•Network infrastructure components (Cisco switches, routers)
•Servers and applications
•Third-party devices; for example, environmental security systems
•Other management systems
Cisco Info Center for Security Management Impact Security Policy Manager identifies and prioritizes threats. For each threat, it identifies in real time the Impacted devices and the associated services provisioned.
The strength of this solution is that it can take information from security devices as well as network and infrastructure nodes for cross-domain correlation and assessment. IMPACT includes a security correlation policy pack that has the following:
"Threat Score" Policy
This policy definition assigns scones to categories of security attacks and creates a new synthetic threat based on activity from each unique source or destination in the Cisco Info Center Info Server. Each threat is assigned a priority.
•The policy tracks individual attackers and attack targets as single entities.
•The score is computed by severity and number of correlated events.
•The threat score is related to the possible severity of the security event as provided via the best practices of the industry.
•The threat event is escalated if the threat score is greater than the threshold.
Of the synthetic "threat events" created, there are two classes, common source address and common destination (target) address. These are referred to respectively as probe threats and attack threats. Probe threats indicate a single source triggering alerts in numerous security devices. An attack threat indicates a single device generating numerous alerts.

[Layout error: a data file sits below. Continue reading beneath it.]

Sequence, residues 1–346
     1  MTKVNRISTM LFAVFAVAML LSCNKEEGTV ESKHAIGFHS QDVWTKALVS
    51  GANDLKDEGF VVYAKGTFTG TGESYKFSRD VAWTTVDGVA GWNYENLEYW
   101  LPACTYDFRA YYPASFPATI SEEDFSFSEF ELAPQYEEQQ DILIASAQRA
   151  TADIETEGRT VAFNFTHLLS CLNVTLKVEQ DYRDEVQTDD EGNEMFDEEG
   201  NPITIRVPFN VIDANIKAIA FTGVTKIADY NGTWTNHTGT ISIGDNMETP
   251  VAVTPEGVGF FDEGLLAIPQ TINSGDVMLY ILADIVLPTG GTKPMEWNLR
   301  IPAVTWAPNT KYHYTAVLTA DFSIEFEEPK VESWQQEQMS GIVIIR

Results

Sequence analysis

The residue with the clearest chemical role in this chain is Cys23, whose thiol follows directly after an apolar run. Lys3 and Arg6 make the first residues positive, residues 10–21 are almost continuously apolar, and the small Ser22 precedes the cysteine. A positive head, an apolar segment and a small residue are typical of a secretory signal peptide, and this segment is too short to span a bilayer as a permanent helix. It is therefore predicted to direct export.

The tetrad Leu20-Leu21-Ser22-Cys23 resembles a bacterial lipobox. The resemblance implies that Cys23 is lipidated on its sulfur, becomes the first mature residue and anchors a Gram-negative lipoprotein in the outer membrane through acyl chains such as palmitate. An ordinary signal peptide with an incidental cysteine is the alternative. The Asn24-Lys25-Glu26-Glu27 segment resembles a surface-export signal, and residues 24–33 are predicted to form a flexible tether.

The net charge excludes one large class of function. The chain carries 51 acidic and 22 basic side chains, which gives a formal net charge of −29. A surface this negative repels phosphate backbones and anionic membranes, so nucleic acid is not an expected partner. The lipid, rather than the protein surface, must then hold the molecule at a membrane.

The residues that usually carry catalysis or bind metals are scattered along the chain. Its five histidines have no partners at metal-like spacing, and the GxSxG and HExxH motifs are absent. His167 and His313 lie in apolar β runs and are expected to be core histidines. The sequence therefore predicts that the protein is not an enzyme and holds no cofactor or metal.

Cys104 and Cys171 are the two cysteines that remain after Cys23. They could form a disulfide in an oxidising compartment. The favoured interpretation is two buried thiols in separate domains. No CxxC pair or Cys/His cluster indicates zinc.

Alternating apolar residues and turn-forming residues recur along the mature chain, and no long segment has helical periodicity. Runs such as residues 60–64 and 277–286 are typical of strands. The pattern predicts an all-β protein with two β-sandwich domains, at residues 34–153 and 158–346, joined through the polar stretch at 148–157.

The threat score policy is used as a way to determine the priority of the threats that are affecting the most systems at any one time.
For example, the service provider or enterprise may be subject to a sophisticated hacker targeting numerous resources in different parts of the network, looking for weaknesses. Each possible attack will trigger an alarm. However, these alerts will come from different devices (Cisco PIX firewalls, host-based intrusion detection systems [HIDSs], NIDSs, Cisco IOS Software, switches, servers, and so on). And at any one time, there are many thousands of other alarms and background event noise.
In this case, the threat score policy automatically indicates that each of these alarms is related to the same hacker and correlates them into a single prioritized "probe" threat in real time.
Another example may be that many individuals are attempting to "hack" a known target—for example, a well-known corporate server, perhaps in a denial-of-service (DoS) attack. In this case, the threat score policy automatically identifies in real time the system that is under attack and the systems that are responsible for the attack, correlating to a single attack threat and thereby enabling prevention in real time before the DoS attempt can have any business impact.
The threat score policy enables visualization of the threat via the threat fingerprint tool (shown in Figure 1).
Visual Result of Threat Scone Analysis